The Lion Yard shopping centre in Cambridge could be getting a new lease of life
There are major new plans for an overhaul of one of Cambridge's biggest shopping centres, with restaurants, a new city centre hotel, and a new location for a favourite city nightclub.
Plans for the redevelopment of the Lion Yard shopping centre in Saint Tibb’s Row, Cambridge, show sweeping changes, including the relocation of the Ballare nightclub, a new restaurant quarter and expanded city square, and a new hotel for people coming to Cambridge on city breaks.
Lion Yard is one of the biggest shopping centres in Cambridge, and is hope to a range of popular shops, cafes, and a library.
Henry Webber, associate asset manager at Aberdeen Standard investments, which is proposing the changes, said: “What we are proposing falls into three broad projects.
“The first of which is the piece round St Andrew’s Church. At the moment, there are rather small retail units that have been consistently challenging. They are a bit dated, and there are some structural issues.
“We are looking at taking these down and, in their place, we will be putting in more units which will sit with the architecture of the church. There will be the same stonework and themes. It will give the church more breathing space. We want it to be a space where people can meet and linger.”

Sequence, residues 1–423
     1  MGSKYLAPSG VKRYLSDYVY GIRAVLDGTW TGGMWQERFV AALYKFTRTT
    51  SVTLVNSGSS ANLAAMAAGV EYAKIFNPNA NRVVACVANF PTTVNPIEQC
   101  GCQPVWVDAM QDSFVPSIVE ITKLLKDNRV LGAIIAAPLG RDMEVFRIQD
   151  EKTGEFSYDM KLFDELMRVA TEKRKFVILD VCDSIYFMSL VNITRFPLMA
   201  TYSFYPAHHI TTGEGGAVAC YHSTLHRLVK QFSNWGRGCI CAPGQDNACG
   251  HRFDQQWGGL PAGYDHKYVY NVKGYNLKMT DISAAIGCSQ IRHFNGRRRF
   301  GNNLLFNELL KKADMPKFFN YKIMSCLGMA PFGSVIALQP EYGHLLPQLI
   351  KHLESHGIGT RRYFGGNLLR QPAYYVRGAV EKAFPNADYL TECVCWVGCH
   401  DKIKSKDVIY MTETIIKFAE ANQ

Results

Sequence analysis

Mr Webber said they were hoping to get a larger space with restaurants and cafes, with something on offer at all time of the day.
He said there would be cafes and coffee shops offering breakfast and drinks, as well as places for lunch and more bars and restaurants to provide food and drink in the evenings. He said they were hoping to attract “smaller, independent artisan brands” rather than large chains to the area.
As well as the plans for the extended dining sector, Mr Webber said there were plans to relocate favourite Cambridge nightspot Ballare, a club which is currently located upstairs in old office space in the shopping centre.
Under the new proposals, the club will be relocated to the basement of the shopping centre.
“The basement is a concrete bunker,” said Mr Webber. “It is essentially a sound-proof box. The ceiling is much much higher. It is a much bigger open space.”
In the space vacated by the nightclub, Mr Webber said there were plans to put in a “mid-range hotel” over two floors on the street fronting onto Petty Cury aimed at people visiting Cambridge for a city break.
The hotel would not have a car park, and Mr Webber said cycle options were being looked at to encourage more people to use bikes to get around the city centre.